- Introducing the Web Stories interface
The Web Stories interface opens with a blank template if you make a new story. If you look at the left-hand side, you will see the materials you can use in your story and the asset manager with the images you have uploaded before.
- Add an image to explore the right-hand side
Now click on the blue upload button and pick an image to upload. Add it to the canvas by double-clicking the image and you will notice that the settings on the right-hand side will change. Now you can see the properties and design options for each item. Bear in mind that these differ from type to type, and so images have different options from texts.
- Get accustomed to the interface
The interface of the Web Stories WordPress plugin won’t appear very strange to you if you are conversant with any kind of design tool. Almost everything you would need like layer, align, change text type, colours, and rotate is on this interface. You can also work with images, text, illustrations, videos, etc.
- Now try to build a simple Web Story
It’s time to build your own Web Story. To get started, open a new story and upload an image. Now click on the image and you will notice the lines around it, which enables you to scale, rotate and zoom the image. You can double click on the image to see the full image and how it fits and if you don’t like the way it fits in, you can make it fit in the way you like.
- Add text to your Web Story
To go to the text tab, click the T on the left-hand corner and you will see the different sizes. They are based on regular HTML headings with h1 as the biggest one and a paragraph gets a p. Use the p for your paragraphs, h1 for your title, and h2 or any other for your subheadings. Make sure to use these correctly in your Web Story. This way, your web content will follow all regular guidelines.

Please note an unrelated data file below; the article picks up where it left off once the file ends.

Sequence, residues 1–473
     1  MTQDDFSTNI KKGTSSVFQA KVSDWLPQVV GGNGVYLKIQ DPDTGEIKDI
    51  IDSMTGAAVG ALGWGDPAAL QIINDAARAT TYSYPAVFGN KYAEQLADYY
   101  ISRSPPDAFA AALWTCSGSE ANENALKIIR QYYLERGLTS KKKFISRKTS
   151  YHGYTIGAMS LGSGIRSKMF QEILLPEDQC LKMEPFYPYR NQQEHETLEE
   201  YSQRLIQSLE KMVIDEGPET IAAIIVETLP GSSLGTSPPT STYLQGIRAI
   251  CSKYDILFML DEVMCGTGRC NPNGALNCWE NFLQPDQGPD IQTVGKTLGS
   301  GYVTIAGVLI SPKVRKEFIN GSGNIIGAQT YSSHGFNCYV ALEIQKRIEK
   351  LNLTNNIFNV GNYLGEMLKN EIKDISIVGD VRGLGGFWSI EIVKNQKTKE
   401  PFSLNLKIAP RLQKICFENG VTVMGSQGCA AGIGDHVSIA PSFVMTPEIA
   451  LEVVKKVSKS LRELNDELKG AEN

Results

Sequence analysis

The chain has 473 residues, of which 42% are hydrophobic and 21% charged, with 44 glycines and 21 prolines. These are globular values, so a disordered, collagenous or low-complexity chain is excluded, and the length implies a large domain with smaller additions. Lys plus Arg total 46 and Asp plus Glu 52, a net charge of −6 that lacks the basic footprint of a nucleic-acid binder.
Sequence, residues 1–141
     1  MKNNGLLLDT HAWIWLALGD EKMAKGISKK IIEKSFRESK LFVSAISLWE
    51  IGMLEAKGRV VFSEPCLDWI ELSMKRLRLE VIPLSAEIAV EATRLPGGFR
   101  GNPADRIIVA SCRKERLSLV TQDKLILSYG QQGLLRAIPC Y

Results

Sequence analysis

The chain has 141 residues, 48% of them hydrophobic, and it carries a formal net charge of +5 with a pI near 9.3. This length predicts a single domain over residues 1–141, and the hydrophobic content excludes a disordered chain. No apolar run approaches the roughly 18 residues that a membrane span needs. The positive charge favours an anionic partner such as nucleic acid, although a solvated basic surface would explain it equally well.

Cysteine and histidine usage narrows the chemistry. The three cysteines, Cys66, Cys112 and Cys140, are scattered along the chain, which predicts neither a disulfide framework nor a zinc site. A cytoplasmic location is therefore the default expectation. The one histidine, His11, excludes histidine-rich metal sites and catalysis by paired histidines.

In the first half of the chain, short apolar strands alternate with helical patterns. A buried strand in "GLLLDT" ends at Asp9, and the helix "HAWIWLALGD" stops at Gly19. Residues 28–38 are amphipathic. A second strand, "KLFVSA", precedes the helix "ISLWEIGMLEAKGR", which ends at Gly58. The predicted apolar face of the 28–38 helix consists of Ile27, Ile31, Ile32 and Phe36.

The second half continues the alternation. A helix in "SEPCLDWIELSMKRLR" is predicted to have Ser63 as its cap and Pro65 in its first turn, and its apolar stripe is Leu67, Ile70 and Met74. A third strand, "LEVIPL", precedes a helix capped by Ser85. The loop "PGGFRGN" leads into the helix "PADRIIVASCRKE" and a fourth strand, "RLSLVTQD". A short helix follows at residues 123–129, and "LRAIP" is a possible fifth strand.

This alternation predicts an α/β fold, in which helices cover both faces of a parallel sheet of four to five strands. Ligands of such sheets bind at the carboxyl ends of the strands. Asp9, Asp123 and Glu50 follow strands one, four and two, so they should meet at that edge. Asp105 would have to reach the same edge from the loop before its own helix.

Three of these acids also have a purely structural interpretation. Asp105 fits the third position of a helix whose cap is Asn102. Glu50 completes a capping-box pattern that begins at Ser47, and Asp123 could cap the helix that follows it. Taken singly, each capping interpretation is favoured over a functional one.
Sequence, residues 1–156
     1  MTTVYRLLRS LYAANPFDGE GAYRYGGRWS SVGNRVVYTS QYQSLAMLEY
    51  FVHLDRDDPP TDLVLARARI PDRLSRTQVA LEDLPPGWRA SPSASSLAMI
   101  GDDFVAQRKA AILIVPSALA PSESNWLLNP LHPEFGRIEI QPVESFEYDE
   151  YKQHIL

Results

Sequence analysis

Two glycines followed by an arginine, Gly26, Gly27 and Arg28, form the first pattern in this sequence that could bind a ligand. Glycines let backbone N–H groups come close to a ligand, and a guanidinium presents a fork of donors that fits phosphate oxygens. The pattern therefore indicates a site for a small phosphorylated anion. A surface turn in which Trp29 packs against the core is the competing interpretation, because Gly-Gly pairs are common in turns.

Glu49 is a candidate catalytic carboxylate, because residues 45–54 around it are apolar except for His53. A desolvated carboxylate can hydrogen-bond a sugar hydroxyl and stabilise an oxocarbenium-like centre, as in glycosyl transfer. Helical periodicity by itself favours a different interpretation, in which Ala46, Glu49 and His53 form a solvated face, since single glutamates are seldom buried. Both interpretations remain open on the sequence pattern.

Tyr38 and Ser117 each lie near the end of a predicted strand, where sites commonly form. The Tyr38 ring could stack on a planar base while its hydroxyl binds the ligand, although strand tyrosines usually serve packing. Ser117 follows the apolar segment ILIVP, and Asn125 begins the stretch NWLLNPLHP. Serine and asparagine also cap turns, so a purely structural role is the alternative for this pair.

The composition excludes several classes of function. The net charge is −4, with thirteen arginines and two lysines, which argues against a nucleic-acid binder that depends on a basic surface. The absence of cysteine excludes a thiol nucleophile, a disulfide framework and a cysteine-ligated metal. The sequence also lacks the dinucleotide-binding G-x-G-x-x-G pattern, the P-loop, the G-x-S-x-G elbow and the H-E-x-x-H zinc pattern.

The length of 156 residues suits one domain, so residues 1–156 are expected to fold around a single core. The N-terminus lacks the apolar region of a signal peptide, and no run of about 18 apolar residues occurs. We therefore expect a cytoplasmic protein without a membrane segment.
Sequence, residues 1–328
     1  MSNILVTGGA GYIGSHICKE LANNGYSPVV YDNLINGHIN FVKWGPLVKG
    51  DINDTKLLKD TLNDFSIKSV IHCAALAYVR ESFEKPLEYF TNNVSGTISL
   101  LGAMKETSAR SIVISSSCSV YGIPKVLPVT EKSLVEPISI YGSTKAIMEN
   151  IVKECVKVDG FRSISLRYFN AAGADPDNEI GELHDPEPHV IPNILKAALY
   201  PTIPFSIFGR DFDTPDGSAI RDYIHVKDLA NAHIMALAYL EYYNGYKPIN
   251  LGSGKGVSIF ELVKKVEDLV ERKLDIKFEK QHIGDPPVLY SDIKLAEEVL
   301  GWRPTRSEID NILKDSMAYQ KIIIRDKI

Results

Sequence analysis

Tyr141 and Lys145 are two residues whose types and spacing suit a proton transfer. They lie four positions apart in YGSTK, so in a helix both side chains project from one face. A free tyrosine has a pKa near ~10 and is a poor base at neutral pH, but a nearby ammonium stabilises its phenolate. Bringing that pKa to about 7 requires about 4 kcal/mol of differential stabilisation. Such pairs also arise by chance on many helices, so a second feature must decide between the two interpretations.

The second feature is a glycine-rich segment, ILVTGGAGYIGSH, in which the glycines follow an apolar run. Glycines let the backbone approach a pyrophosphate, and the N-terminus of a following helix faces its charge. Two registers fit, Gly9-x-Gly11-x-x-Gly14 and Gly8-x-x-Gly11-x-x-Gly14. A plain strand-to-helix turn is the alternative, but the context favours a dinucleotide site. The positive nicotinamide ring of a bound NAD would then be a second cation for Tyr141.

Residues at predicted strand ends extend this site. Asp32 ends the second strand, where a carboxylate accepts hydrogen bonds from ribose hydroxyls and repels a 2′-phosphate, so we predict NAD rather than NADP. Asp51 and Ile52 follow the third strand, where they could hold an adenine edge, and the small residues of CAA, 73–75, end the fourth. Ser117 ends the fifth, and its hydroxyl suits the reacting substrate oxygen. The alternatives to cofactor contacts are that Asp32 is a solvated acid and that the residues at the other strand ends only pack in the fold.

- Colours, fills, and alignment
You will need to have a background fill colour or give your text a colour to stand out if your image has a busy background. To add a heading to your image, click on Heading 1 then drag and drop it where you want it to appear.
- A new page for your web story
Click the big plus sign (+) button at the bottom of the screen to add a new page to your story. Click on Duplicate page, if you want to duplicate the current page because you would like to use that as a template for the next screen. Fill your story with all the pages you need.
- Link to your site
The fact that you can freely link out to your own content is one of the cool things about Web Stories. You can do this simply by clicking on an element and then add a link. Ensure to keep the number of links limited, don’t overdo it.
- Fill in metadata and publish
Click preview to test your Web Story once you are done with it. You need to fill in some metadata to improve the story before you hit Publish. According to Google, to have a valid Web Story you need this. Click Document and fill in the logo, cover image, excerpt, and pick a good permalink.
Having done all these, you are now ready to publish your story so go ahead and hit publish. The Web Stories plugin will ask you if you want to make a new post for this story. If you do, click the button and a new post will open with your story embedded in it.
This simple story is purely meant for you to find your way around the web story interface.
The Web Stories plugin will ask you if you want to make a new post for this story. If you do, click the button and a new post will open with your story embedded in it.
Here are a couple of things to take into account:
- Ensure that the URLs of your story are available in your XML sitemap
- To make it easier for Google to understand your stories, add schema structured data.
- Make sure your stories are of high quality and valuable
- From other relevant parts of your site, link to your stories
- You can add ads, but don’t overdo it
- Don’t add too many links to outside sources
- Keep the story short and snappy
- Keep the title short
- Don’t use too much text on pages
- For accessibility, add alt text to describe images
- Stories are ideal for video, but keep them short